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Postposted on Fri Sep 03, 2004 8:24 pm

As stated...the xpm's are great in lappies...and the price is rite...kinda whatever trips your trigger eh :wink:
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Postposted on Fri Sep 03, 2004 9:06 pm

Add a wireless card to an athlon XP, and their goes the battery life.

Personally, i'd choose a Pentium M with integrated wireless. Seriously, what's the point in getting the fastest laptop (not by much either - PM 1.6 ghz with 2mb cache is a beast) if the battery is crap / overheats after a few months. What's wireless with a cable to the power-point? A64 laptops are pretty expensive as well, in my opinion, it would be MUCH better to buy a PM (centrino) for cheaper/the same price - i'd even pay a premium for a mobile processor.

If you want speed get a freaking tower, there's no point to a laptop if you don't want portability. btw, a64s tend to be heavy bricks. I'm not sure about athlon XP, but i'd pick intel anyday, at least for lappys...

But thats just me :P
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Postposted on Fri Sep 03, 2004 10:23 pm

Usacomp2k3 wrote:in response to your orriginal question:

which AMD?

athlon 64, yeah go for it
athlon xp, no way
What's wrong with the XP-M?
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Postposted on Fri Sep 03, 2004 10:43 pm

if you want speed get a freaking tower, there's no point to a laptop if you don't want portability. btw, a64s tend to be heavy bricks.


For me at least...I don't need at portable laptop...well portable but only in the put it in the car and go to a friends house and plug it in to do some gaming sense of portable.
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Postposted on Sat Sep 04, 2004 5:53 pm

jss21382 wrote:
if you want speed get a freaking tower, there's no point to a laptop if you don't want portability. btw, a64s tend to be heavy bricks.


For me at least...I don't need at portable laptop...well portable but only in the put it in the car and go to a friends house and plug it in to do some gaming sense of portable.


okayz then, let the power be with you ;)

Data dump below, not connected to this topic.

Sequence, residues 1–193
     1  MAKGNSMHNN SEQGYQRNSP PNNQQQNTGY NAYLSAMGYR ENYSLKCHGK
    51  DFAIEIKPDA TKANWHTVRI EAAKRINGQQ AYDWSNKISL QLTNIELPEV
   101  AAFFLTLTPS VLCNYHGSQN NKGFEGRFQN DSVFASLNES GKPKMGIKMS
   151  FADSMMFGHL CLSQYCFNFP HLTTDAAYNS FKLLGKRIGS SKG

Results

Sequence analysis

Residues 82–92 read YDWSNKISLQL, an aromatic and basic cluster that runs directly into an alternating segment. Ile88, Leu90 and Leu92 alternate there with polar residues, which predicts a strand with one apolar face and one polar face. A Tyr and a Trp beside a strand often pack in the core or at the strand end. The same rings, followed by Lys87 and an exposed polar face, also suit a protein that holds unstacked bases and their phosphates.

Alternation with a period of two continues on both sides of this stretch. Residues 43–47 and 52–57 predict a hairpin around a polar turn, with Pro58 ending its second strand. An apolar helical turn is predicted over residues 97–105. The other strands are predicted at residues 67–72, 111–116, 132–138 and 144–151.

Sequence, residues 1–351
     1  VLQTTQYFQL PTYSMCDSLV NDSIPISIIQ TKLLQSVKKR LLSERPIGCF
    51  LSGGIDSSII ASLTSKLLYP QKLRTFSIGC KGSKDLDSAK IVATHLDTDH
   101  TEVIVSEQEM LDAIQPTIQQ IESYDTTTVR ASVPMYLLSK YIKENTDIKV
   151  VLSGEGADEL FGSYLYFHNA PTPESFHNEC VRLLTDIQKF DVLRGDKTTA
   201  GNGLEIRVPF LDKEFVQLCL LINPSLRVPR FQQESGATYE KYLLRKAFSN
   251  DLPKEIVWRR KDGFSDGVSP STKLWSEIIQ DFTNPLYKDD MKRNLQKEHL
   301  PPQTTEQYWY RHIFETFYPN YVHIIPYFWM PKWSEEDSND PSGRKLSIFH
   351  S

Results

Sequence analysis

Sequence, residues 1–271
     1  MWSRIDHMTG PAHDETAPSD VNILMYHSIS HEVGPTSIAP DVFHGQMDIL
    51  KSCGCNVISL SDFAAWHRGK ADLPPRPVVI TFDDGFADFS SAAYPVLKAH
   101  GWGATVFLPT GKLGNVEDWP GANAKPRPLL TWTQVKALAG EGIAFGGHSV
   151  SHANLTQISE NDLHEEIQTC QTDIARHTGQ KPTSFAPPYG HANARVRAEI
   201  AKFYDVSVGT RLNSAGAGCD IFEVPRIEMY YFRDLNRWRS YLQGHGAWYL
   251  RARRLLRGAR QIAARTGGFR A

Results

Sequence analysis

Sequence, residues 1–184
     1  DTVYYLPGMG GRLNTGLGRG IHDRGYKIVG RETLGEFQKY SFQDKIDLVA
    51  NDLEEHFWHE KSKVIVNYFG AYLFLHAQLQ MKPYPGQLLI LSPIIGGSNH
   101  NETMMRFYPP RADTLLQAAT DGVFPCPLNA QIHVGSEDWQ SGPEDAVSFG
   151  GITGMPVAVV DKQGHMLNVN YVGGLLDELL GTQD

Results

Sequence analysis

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Postposted on Sat Sep 04, 2004 6:43 pm

so much more convienient that carrying a tower, crt, and everything to go with it
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Postposted on Sat Sep 04, 2004 7:01 pm

Personally, I own a Asus S2500 that weighs just under three pounds and is perfect for taking to school or wherever.

I can justify the extra price of an ultra light notebook that I'm going to be carrying around all day, but I can't see how you can even think of paying a premium for something you won't/can't even use for the very point of purchasing it, portability.

Hauling around a shuttle cube or similiar mini PC is not only lighter, cheaper, and economical (think your ever going to upgrade the video card in your laptop?), it also makes better sense.

A Shuttle Cube and a seperate LCD monitor are not only cheaper, but more portable than some ten pound "laptop."

While were on the topic, could anyone explain to me why this whole "Premium for Portability that is not only unjustifable but made completely pointless" thought proccess has caught on in the states?
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Postposted on Sat Sep 04, 2004 7:14 pm

Hauling around a shuttle cube or similiar mini PC is not only lighter, cheaper, and economical (think your ever going to upgrade the video card in your laptop?), it also makes better sense.


You've got a point, but that's a lot of bulk, regardless of weight. The cube, keyboard, mouse, monitor, headphones, requisite cables, etc makes it a bit more cumbersome that a laptop to simply throw in the car and go. Sure it's still a lot better than a full size desktop and CRT, but you really can't beat a laptop for portability, even if it is a heavier model. Granted, you're burning a lot of money going with a desktop replacement notebook, but if someone has the money to throw at it and doesn't mind the low batter life, then more power to them.
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Postposted on Sat Sep 04, 2004 7:42 pm

Ugh..

Its one thing to not mind the low battery life and the extra weight, but its another not to use the thing for the main purpose of buying it.

A heavy laptop for gaming is easier to set up and all that, but just how much easier? Plug and play mostly, but setting up cables and all that with even a not too creative bagging scheme (I for one use an extra large velvet bag to transport my keyboard, mouse, etc) only add an extra what... Five minutes to total set up time on a regular PC?

Laptops are for the most part the PC equivelant of Apple; want to upgrade? Toss it and buy another one.